John Donaldson “Vertical versus Horizontal: What is really at issue in the exclusion problem”—forthcoming in Synthese

By sheer luck, this followed on nicely from the Devlin Brown paper from yesterday.  Brown distinguishes between “horizontal” and “vertical” responses to the exclusion problem. Vertical responses look at the relation between the physical and mental causes. They try to show that the two are ontologically related in such a way that they their co-existence as causes is not really problematic—because they are not fully distinct causes. “Vertical” because that is how the relation between mental and physical causes is usually depicted in toy causal diagrams (as in the example below).  Horizontal responses, by contrast, look at the causal relation itself, generally depicted horizontally, or diagonally in the mental → physical case.

Donaldson’s argument is that vertical strategies are the only ones that can salvage non-reductionist physicalism. If vertical strategies can succeed, horizontal ones are unnecessary. On the other hand, a horizontal strategy—however successful its account of causation—cannot be enough, because it cannot address the coincidence aspect of (systematic) overdetermination by mental and physical causes. Why should a certain physical cause always be accompanied by a mental cause, whenever it does its work?  (Donaldson notes that this problem arises even if, as with Zhong (2014), you avoid overdetermination by not counting one of the properties as a cause. They're still always there!)

I agree with Donaldson’s distinction, and with his claim that a horizontal strategy cannot succeed alone. As I said yesterday, I think the key to avoiding objectionable overdetermination is that the two causes are not fully distinct; and the ontological link between them will also explain their co-appearance.  But it seems to me that a vertical strategy alone is not sufficient, either.  A suitably compatibilist account of causation is needed too.

Consider the reductive physicalist's response to the exclusion argument. They avoid overdetermination by identifying the (token) mental and physical causes.  This is the ultimate vertical strategy; there is no coincidence problem for identicals.  But it’s reductive physicalism.  Non-reductive physicalism needs the two causes to be ontologically indistinct, but it also needs them to still count as two causes. And for that we need to explain how their causal contributions can be distinct.  If the causal relation between the two causes and the effect is the same, then non-reductive physicalism looks like epiphenomenalism: the mental cause is not contributing anything.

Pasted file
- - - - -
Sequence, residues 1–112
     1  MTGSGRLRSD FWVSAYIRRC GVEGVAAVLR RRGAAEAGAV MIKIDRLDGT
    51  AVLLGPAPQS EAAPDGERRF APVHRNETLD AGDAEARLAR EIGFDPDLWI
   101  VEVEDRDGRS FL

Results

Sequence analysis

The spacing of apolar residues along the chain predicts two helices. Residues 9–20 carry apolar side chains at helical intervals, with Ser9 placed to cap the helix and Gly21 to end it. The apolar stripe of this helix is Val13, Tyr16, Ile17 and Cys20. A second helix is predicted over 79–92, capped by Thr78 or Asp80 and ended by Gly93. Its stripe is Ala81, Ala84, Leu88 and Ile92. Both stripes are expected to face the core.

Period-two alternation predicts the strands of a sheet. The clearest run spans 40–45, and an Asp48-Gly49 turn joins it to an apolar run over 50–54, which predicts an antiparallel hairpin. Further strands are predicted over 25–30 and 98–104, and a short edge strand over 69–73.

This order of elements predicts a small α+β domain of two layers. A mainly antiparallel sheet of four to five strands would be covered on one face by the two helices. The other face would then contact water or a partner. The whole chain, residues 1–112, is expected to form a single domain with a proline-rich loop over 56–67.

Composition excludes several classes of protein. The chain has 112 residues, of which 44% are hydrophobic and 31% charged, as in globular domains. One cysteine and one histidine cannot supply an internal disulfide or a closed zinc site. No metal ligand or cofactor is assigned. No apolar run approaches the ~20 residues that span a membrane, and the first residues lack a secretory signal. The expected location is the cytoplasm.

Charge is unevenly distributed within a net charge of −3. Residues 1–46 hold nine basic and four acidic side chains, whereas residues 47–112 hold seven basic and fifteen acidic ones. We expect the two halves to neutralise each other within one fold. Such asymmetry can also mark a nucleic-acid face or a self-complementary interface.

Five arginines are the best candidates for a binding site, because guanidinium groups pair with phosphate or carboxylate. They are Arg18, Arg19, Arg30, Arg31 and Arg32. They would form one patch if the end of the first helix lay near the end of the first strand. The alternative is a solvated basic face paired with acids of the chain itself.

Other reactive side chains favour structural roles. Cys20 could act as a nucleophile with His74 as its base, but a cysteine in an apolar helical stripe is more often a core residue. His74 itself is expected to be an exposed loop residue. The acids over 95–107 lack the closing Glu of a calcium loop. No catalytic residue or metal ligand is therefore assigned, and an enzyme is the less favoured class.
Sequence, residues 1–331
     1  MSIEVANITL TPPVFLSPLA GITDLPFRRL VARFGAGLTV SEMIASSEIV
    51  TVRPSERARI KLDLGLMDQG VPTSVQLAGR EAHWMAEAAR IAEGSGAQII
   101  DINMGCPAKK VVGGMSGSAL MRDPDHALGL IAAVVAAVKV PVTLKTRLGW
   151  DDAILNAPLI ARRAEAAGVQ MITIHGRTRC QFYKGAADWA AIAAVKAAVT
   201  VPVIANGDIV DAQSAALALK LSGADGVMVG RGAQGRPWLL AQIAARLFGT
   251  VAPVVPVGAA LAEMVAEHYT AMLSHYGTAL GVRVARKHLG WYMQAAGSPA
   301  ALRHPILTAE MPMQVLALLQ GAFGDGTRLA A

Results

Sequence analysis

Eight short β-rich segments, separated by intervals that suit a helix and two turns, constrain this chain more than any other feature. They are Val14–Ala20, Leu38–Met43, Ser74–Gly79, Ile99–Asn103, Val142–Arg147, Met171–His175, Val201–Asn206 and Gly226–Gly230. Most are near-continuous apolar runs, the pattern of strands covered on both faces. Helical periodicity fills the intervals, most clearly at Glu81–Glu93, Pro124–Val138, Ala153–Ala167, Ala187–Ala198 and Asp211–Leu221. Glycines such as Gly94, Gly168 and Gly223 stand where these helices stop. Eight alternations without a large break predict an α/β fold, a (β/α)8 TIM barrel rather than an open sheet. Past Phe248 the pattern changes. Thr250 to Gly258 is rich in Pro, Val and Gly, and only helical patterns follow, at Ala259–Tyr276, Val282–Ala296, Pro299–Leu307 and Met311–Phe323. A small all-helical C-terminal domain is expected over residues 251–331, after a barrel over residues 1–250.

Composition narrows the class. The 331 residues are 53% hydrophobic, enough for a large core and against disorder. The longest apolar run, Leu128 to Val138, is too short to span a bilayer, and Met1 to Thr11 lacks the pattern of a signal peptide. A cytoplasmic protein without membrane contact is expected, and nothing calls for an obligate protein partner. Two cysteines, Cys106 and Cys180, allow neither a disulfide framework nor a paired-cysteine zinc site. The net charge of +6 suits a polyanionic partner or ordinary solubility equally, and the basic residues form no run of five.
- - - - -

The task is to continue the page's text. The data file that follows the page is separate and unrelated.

What’s needed, then, is an account of causation on which ontologically connected mental and physical properties can both count as making separate causal contributions. In other words, a “horizontal” approach to the exclusion problem. 

Donaldson spends some time discussing the “proportionality” horizontal approach, adopted by both Zhong and List and Menzies (2009). I agree that this won’t do it—it avoids overdetermination by ruling out either the physical or the mental cause as a cause, where I want both to count. But I think a (related) approach of contrastive interventionism can do the job. There are interventions on the mental cause that change the outcome, and also interventions on the physical cause that change the outcome, and the two sets of interventions aren’t identical.  More on that next, I think.